There are legitimate concerns about the implementation for DoH, such as that it could allow browsing to sites otherwise blocked by an ISP and parental controls, raising concerns among critics about child safety or other illicit activity. According to a Google spokesperson, however, the company’s “proposal for DoH enables secure connections and does not change a user’s DNS, so all existing filters and controls remain intact. Furthermore, there is no change to how DNS providers work with law enforcement in accordance with court orders.”

Comcast did not immediately return a request for comment. It did, however, publish a lengthy blog post following Motherboard’s story claiming that it doesn’t track where users go on the internet or “sell information that identifies who you are to anyone,” including a user’s “location data when you use our Xfinity Mobile service.”

Advertisement

But it does, to be sure, use your data. The company added: “We study our network data to assess how the network is performing, understand trends, stay ahead of capacity demands, and build, test, and improve our products and services. We do that with only a small sample of network data that is aggregated and never identifiable to any customer.”

Plus, while Comcast says that it deletes DNS queries it collects, Comcast says that it does so “every 24 hours except in very specific cases where we need to research a security or network performance issue, protect against security threats, or comply with a valid legal request.” Comcast does, however, claim it doesn’t sell that information or use it for marketing or advertising.

Advertisement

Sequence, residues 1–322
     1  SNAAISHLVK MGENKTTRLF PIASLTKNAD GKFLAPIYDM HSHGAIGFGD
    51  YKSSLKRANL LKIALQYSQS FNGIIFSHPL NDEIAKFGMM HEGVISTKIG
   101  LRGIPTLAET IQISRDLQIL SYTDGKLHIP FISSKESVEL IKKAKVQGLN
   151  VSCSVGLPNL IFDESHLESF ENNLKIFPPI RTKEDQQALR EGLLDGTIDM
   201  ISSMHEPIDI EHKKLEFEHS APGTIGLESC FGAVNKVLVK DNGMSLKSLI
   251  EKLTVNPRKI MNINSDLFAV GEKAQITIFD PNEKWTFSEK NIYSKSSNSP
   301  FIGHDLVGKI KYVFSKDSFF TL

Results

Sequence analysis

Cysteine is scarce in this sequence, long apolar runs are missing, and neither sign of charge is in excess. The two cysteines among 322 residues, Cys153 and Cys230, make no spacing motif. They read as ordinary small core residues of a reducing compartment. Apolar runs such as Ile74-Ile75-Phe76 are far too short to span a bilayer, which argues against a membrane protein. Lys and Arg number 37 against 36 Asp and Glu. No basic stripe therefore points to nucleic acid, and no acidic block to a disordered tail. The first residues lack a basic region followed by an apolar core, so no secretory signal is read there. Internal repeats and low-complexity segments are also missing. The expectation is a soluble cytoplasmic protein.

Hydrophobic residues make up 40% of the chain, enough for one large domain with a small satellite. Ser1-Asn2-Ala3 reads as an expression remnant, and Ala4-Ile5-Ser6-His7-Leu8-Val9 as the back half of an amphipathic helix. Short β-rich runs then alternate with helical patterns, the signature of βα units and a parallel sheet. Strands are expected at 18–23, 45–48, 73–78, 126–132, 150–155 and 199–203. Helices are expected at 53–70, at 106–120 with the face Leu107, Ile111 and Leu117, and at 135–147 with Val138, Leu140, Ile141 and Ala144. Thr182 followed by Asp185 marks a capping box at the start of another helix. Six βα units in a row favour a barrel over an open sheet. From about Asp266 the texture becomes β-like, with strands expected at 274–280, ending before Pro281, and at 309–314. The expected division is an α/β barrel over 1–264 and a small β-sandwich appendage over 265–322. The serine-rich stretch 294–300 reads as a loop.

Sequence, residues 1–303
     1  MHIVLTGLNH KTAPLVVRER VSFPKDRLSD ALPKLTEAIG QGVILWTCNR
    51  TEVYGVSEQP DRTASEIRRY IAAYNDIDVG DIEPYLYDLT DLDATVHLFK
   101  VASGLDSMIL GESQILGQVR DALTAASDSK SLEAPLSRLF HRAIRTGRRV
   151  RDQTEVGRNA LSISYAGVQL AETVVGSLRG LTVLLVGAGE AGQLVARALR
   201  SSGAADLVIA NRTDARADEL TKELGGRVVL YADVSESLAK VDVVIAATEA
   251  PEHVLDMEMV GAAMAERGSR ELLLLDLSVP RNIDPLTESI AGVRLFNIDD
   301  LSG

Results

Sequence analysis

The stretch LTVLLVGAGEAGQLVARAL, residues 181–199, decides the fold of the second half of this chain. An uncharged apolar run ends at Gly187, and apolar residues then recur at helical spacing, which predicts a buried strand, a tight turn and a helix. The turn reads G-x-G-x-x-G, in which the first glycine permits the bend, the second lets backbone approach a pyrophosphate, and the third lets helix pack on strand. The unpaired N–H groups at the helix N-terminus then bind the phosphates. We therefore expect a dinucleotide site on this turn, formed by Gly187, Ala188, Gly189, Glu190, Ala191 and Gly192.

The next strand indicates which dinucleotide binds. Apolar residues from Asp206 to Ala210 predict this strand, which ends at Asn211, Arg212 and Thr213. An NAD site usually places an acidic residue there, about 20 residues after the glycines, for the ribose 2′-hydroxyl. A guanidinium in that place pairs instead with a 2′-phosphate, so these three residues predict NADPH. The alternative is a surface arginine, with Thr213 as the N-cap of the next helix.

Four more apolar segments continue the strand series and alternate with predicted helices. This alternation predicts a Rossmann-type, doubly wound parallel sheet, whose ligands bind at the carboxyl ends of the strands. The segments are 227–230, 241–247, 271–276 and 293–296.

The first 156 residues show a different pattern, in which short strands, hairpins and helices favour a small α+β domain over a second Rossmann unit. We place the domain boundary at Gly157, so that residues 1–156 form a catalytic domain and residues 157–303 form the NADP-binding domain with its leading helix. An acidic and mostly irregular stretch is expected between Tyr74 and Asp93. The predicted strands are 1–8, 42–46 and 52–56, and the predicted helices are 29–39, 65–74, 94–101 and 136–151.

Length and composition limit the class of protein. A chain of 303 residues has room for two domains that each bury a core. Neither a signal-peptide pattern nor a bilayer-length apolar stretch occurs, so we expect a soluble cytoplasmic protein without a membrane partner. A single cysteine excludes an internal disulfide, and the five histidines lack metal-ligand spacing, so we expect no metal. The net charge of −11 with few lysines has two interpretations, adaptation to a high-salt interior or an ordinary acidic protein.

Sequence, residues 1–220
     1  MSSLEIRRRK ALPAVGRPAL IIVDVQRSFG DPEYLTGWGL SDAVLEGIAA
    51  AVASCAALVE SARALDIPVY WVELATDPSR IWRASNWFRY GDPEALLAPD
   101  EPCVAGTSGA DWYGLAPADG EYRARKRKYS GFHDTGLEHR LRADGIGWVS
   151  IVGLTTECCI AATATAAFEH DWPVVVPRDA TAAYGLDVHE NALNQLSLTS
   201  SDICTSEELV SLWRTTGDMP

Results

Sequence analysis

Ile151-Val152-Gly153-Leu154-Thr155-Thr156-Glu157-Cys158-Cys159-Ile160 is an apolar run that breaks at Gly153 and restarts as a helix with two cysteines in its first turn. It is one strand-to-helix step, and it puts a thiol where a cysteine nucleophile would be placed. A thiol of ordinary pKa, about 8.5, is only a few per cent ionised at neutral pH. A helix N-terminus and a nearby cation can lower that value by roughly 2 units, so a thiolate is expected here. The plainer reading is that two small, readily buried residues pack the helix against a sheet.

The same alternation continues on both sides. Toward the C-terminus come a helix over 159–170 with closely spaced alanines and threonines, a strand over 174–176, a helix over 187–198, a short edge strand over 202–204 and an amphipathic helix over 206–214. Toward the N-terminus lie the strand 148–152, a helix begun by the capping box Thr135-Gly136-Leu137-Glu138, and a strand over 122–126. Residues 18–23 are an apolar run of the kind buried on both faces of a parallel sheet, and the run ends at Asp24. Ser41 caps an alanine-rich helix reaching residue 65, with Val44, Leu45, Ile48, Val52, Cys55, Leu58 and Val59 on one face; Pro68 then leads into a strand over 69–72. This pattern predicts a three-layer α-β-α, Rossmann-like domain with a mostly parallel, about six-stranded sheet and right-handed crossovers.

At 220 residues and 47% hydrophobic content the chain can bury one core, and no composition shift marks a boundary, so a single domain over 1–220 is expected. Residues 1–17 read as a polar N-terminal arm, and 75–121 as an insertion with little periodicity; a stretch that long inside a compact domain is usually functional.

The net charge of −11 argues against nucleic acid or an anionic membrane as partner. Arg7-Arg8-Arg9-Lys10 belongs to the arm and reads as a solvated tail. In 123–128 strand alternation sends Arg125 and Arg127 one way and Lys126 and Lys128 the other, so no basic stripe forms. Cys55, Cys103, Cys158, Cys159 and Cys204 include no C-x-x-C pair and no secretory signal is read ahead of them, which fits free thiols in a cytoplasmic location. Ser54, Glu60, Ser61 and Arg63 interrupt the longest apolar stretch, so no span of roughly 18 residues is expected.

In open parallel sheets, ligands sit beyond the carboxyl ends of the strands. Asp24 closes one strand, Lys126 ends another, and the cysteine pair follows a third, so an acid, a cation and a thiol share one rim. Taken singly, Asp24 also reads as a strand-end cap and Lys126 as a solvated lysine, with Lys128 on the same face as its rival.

Comcast’s response to Motherboard’s reporting, however, did not stop with a mere blog post. According to a follow-up report, the company engaged in a PR cleanup that can charitably be described as aggressive. According to the site, Comcast sent it to four Motherboard writers, reporters at other publications, and at least eight other individuals who tweeted a link to the story. Just Comcast having a normal one in response to a report on its own apparent lobbying efforts.

Share This Story

Get our newsletter

DISCUSSION

actualrootwyrm
Spamfeller Loves Nazi Clicks

Nobody in this shitshow is telling the truth. Least of all Mozilla and Google, who are making the internet an even more insecure and dangerous place with this bullshit. (And none of you commenters know shit about DNS or DOCSIS. So sit the fuck down, shut the fuck up, hold the fuck on.)

Comcast:

  • Captures all DNS queries regardless of what servers are used, using a DOCSIS devIf filter, as is standard practice in the industry.
  • Probably sends them to appliances from Akamai (formerly Xerocole) who packages the data up into zip codes for resale (because any more granularity is super illegal for MSOs, not that zip isn’t granular enough to ID you.)
  • Does in fact delete everything every 24 hours on a rolling schedule because of disk space. Not security or privacy. Which, really doesn’t matter. They do clean up at least and your data is safe. But it’s dishonest.
  • Has a habit like all MSOs of redirecting NXRECORDS (that is: domains and servers that don’t exist, like “www.yaoho.com”) to the criminals at Search Guide Inc. and their shitty fake search engine. Which, ironically, isn’t that fucking bad because at least it’s only non-existent records.

Mozilla:

  • Lies through their teeth about being able to turn it off easily - their canary domain uses DNSSEC maliciously so that nobody can just fake an NXRECORD as required. Anyone running Active Directory DNS? Can’t period because of that malicious DNSSEC use.
  • Lies through their teeth about how it’s “better for privacy.” No it’s not. They’re sending all queries to avowed Nazi and terrorist supporters CloudFlare. You don’t get a choice. And CloudFlare’s privacy statement? Says you have none.
  • Spends all their time helping CloudFlare lie about how they would never sell your very sensitive personal information. Nothing about how their privacy policy is completely toothless and does in fact allow them to collect and use your data for whatever they like.